For the first time in more than 20 years, the U.S. Food and Drug Administration (FDA) has updated the Nutrition Facts label on packaged foods and beverages. Of the major changes, the one most talked about ingredients by industry and the consumer is added sugars.
What is an Added Sugar?
According to the FDA, added sugars are sugars and syrups that are included during the processing or preparation of food and beverages, packaged sweeteners (such as a bag of table sugar), and concentrated fruit or vegetable juices. Added Sugars may appear as sucrose, table sugar, invert sugar, brown sugar, raw sugar (turbinado or demerara), corn sugar, corn sweetener, corn syrup, dextrose, fructose, glucose, high-fructose corn syrup, honey, lactose, molasses, rice syrup and tapioca syrup.
However, when looking at food labels, added sugars do not include sugar that is naturally found in foods like fruit or milk, fruit or vegetable juice concentrated from 100% juices, or fruit juice concentrates used as fruit part of jellies, jams or preserves.
Breaking Down Total Sugars
When looking at the sugar content of any food, it’s important to look at the food labels which combine both the naturally occurring sugars and the sugar added during processing. Compared to the original label, the new label separates sugars into two categories: total sugars and added sugars with percent of daily value (%DV). The %DV is the amount of the nutrient in a single serving or packaged item based on an average 2,000 calorie diet. The daily value (DV) for added sugars is 50 grams per day; there is no %DV for total sugars.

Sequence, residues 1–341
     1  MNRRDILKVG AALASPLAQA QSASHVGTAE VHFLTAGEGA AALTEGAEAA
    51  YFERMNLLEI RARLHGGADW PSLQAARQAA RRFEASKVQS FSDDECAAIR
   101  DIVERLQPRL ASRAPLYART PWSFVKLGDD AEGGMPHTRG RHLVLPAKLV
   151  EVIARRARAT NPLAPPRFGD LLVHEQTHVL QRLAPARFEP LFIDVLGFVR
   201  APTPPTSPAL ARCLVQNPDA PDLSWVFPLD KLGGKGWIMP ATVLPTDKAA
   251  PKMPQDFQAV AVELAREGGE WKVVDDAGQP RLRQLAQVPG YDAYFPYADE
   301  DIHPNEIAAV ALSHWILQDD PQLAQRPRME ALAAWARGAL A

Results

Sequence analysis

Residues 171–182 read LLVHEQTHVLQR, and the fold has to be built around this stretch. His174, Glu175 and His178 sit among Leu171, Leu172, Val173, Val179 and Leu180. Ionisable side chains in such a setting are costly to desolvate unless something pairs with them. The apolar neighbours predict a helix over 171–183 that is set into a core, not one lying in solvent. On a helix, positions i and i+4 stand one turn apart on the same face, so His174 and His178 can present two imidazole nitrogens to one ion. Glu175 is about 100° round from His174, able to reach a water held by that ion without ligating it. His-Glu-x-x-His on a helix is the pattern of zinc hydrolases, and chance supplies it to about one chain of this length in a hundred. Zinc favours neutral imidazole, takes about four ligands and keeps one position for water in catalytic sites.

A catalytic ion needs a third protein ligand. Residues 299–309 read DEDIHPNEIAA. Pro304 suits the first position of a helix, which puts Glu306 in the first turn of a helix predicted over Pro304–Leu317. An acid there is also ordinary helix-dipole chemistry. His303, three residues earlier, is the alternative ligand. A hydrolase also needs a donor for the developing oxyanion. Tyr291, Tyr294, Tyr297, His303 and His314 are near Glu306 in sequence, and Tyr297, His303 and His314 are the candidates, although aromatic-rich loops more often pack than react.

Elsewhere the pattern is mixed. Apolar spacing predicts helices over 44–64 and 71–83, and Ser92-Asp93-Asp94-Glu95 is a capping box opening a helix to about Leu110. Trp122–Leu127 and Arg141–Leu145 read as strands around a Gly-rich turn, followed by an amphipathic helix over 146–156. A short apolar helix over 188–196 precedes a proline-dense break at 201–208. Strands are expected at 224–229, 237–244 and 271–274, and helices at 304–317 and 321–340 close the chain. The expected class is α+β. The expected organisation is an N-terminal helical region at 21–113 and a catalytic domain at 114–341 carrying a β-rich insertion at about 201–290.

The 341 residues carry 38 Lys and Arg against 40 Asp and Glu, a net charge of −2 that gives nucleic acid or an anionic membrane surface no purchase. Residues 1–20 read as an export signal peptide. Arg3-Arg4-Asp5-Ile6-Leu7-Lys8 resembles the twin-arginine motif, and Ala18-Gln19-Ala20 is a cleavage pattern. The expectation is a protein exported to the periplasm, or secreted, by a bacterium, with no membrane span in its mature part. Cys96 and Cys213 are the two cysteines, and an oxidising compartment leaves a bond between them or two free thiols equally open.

Why the Label Change?
Every five years, the U.S. Department of Health and Human Services (HHS) and the U.S. Department of Agriculture (USDA) release a new edition of the Dietary Guidelines for Americans. The guidelines are based on the latest scientific data and research. The 2015-2020 guidelines focus on making small changes to your daily eating habits, exercise regularly and think about eating patterns rather than singling out individual nutrients. Healthy eating includes more vegetables, fruits, whole grains, dairy and lean meats while also limiting sodium, saturated fat, and added sugars (less than 10 percent of total calories per day). The new Nutrition Fact label has been updated to help consumers make smart choices to meet these guidelines.
What do Consumers Think?
According to the International Food Information Council Foundation’s 2019 Food and Health Survey, limiting sugar intake is the number-one change Americans want to make in their diets — followed by eating more fruits and vegetables and eating fewer carbs to control consumers’ weight. Survey respondents report that the added sugars they consume come from sugar-sweetened beverages, baked goods and sweets. Most are now choosing to limit their sugar intake by drinking more water, eliminating certain foods and beverages from their diet and monitoring their total carbohydrates.
Finding the Right Sugar and Sugar Substitute Balance
Taste and price are the two top motivators when purchasing food, however, Americans are also seeking foods that provides a health benefit. While there is no one size fits all solution to reduce sugar, food scientists have several tools to work with. Many are turning to plant-based sweeteners such as stevia and monk fruit, erythritol, prebiotics such as inulin and flavor enhancers.
One alternative rising in popularity is Allulose. Allulose is a rare sugar similar to sucrose in taste and functionality while having 90% fewer calories. The Allulose trend spiked when the FDA announced that Allulose does not need to be counted as total sugars or added sugars but instead be labeled under total carbohydrates.
Not only does sugar provide the sweetness that we are used to, but it also adds texture, enhances flavor, is a humectant and can extend the shelf life of products. Finding the best solution can be a challenge.
Whether it is sugar – or an alternative – let us help you determine the best solution for your products.
Summer M McQuoid, NDTR
Sweetener Products Company
Dietary Guidelines for Americans 2015-2020 – U.S. Department of Health and Human Services
U.S Food and Drug Administration – Food & Nutrition Labeling
International Food Information Council Foundation – 2019 Food and Health Survey
Center for Disease and Control